Felt v. L. B. Frederick Co.

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[Civ. No. 13876. First Dist., Div. Two. June 2, 1949.]

WILLIAM C. FELT et al., Appellants, v. L. B. FREDERICK CO., INC. (a Corporation) et al., Respondents.

COUNSEL

Franklin A. Dill, Thomas W. Martin and Breece W. Sloan for Appellants.

Milner J. Anderson, Eugene T. Nebiolo and J. Elwood Andresen for Respondents.

OPINION

DOOLING, J.

Appellants filed a complaint against respondents Frederick and Hill and others upon an alleged contract for the purchase of certain real and personal property. The action went to trial against Frederick and Hill alone and judgment was entered in favor of these defendants.

Respondent Frederick is a real estate broker and respondent Hill is his salesman. Frederick had acquired an option to purchase a rooming house for $8,000 and an option to purchase the furniture therein, which was owned by the tenant, for $4,250. After negotiations between Hill and appellants resulting in an oral offer by appellants to purchase this real and personal property for $14,000 Hill presented to them for their signature and they signed a document which already bore the signature of Hill. The controversy centers around this document, the appellants contending that it was a completed [92 Cal. App. 2d 159] contract and the respondents claiming that it was a mere offer later rejected by Frederick.

[1] This document was a printed form designed to be used for the receipt of an offer and deposit from an intending buyer by the broker through his salesman for an owner of property who by its later acceptance evidenced by the owner's signature in a blank space provided therefor would ripen into a contract of purchase and sale between owner and buyer. So far as material to an understanding of the questions here presented it reads (the words added to the printed form appearing in italics):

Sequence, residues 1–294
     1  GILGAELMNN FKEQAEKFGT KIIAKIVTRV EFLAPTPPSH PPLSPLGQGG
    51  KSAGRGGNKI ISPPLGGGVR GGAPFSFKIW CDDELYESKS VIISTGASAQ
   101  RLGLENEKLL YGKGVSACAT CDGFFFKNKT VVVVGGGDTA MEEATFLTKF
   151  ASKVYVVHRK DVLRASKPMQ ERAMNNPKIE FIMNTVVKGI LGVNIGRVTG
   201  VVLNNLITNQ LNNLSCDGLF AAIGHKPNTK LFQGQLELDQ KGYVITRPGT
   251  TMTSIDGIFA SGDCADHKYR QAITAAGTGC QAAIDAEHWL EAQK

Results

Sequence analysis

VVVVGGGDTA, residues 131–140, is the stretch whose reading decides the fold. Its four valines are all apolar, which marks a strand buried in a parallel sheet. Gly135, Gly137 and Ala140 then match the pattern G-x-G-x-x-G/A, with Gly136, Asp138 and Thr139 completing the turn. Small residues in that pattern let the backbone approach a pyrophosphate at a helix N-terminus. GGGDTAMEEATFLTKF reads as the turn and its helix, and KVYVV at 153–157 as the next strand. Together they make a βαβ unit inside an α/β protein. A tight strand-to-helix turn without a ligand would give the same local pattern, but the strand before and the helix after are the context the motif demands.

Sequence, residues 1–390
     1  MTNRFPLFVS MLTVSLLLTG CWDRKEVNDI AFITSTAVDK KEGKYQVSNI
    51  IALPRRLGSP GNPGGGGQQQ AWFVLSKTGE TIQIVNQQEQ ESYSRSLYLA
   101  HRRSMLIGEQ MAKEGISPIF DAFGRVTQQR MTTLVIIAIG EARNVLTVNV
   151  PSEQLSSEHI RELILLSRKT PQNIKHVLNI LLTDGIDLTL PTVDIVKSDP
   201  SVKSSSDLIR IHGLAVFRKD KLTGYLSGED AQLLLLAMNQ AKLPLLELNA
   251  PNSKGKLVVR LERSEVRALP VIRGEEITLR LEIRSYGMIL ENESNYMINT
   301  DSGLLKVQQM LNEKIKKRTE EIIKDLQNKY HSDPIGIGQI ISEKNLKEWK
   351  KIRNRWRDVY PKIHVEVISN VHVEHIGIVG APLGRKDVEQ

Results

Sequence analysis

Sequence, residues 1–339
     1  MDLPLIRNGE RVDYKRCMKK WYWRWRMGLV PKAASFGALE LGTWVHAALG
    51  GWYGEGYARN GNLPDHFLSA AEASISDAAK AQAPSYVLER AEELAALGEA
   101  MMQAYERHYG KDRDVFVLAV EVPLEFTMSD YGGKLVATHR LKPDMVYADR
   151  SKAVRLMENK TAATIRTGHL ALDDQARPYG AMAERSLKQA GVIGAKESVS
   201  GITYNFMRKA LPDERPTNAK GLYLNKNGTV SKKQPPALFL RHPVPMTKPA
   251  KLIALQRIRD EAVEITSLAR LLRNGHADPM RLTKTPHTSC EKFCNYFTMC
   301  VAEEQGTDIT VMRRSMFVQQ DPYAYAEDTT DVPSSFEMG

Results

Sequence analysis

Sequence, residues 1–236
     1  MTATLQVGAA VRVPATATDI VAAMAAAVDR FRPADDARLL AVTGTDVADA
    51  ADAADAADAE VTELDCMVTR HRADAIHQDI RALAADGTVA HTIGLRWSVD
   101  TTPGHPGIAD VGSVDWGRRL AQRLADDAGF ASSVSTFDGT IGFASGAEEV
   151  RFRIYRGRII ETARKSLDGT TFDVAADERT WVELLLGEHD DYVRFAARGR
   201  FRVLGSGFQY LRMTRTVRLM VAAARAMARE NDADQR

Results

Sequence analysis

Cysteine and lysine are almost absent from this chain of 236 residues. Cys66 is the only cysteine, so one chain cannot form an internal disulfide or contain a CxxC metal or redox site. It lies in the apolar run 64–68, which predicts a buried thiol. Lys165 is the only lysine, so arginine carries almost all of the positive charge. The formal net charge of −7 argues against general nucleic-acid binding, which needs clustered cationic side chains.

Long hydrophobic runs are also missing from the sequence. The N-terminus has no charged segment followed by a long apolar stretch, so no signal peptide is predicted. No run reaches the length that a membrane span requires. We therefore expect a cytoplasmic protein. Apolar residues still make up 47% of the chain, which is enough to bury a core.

"Office of

L. B. Frederick

...

"Received from William C. Felt and Mae D. Felt his wife ... Two hundred Dollars ... as deposit and part purchase price on the following property ...

"The full purchase price being $14,000.00 to be paid as follows ... The balance of cash to be paid, and all documents necessary to complete the transaction to be executed in accordance with this contract not later than April 15, 1945. ...

"In case this Contract is approved the Agent is authorized to order search. ...

Tabular Material Omitted

It is clear that the document until signed by the owner would constitute a mere offer in any case where Frederick was acting for a third party in securing a buyer's signature. It is equally clear that the form is not designed for use in a case such as this where the broker Frederick is in fact the intending seller and not the agent for the seller. Its terms not being designed for use in a case such as here presented an ambiguity is created which it was necessary for the trial court to resolve with the aid of extrinsic evidence (Universal Sales Corp. v. California etc. Mfg. Co., 20 Cal. 2d 751 [128 P.2d 665]).

The appellants proceeded against Frederick on the theory that the document was in fact an agreement to sell binding [92 Cal. App. 2d 160] upon him and in the alternative, if Frederick was held not bound, against Hill on an implied warranty of authority (Civ. Code, § 2342) and on the execution of the document by Hill in the name of Frederick without believing in good faith that he had authority to do so (Civ. Code, § 2343 (2)).